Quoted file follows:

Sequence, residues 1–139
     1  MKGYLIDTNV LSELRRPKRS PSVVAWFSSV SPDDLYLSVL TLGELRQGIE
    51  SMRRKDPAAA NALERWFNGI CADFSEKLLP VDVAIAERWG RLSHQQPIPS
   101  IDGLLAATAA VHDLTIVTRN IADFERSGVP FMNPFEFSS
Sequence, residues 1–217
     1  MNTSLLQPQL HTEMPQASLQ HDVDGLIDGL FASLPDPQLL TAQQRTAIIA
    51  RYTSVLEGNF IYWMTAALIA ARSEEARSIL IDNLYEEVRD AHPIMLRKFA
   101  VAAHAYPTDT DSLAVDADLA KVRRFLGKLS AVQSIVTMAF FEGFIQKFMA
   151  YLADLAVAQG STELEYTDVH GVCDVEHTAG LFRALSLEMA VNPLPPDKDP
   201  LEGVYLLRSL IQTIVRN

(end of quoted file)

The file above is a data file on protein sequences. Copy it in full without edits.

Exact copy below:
Sequence, residues 1–139
     1  MKGYLIDTNV LSELRRPKRS PSVVAWFSSV SPDDLYLSVL TLGELRQGIE
    51  SMRRKDPAAA NALERWFNGI CADFSEKLLP VDVAIAERWG RLSHQQPIPS
   101  IDGLLAATAA VHDLTIVTRN IADFERSGVP FMNPFEFSS
Sequence, residues 1–217
     1  MNTSLLQPQL HTEMPQASLQ HDVDGLIDGL FASLPDPQLL TAQQRTAIIA
    51  RYTSVLEGNF IYWMTAALIA ARSEEARSIL IDNLYEEVRD AHPIMLRKFA
   101  VAAHAYPTDT DSLAVDADLA KVRRFLGKLS AVQSIVTMAF FEGFIQKFMA
   151  YLADLAVAQG STELEYTDVH GVCDVEHTAG LFRALSLEMA VNPLPPDKDP
   201  LEGVYLLRSL IQTIVRN